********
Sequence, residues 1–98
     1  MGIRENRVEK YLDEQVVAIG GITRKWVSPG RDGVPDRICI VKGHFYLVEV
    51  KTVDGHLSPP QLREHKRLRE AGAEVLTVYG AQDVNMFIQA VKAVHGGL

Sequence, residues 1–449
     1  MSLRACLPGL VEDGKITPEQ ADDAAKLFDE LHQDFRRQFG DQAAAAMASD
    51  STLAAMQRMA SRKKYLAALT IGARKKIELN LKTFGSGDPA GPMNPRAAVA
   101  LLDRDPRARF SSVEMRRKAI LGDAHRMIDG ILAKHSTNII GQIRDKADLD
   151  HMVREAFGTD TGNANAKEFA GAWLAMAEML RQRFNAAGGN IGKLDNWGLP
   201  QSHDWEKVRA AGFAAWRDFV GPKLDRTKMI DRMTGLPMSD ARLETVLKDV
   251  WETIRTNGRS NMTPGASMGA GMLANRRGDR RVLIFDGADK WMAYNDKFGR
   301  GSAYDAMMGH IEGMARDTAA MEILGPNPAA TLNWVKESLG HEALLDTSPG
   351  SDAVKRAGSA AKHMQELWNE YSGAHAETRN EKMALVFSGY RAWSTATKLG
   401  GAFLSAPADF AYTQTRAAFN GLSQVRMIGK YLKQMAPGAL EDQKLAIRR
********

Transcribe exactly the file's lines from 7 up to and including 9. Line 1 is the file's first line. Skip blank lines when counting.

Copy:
   101  LLDRDPRARF SSVEMRRKAI LGDAHRMIDG ILAKHSTNII GQIRDKADLD
   151  HMVREAFGTD TGNANAKEFA GAWLAMAEML RQRFNAAGGN IGKLDNWGLP
   201  QSHDWEKVRA AGFAAWRDFV GPKLDRTKMI DRMTGLPMSD ARLETVLKDV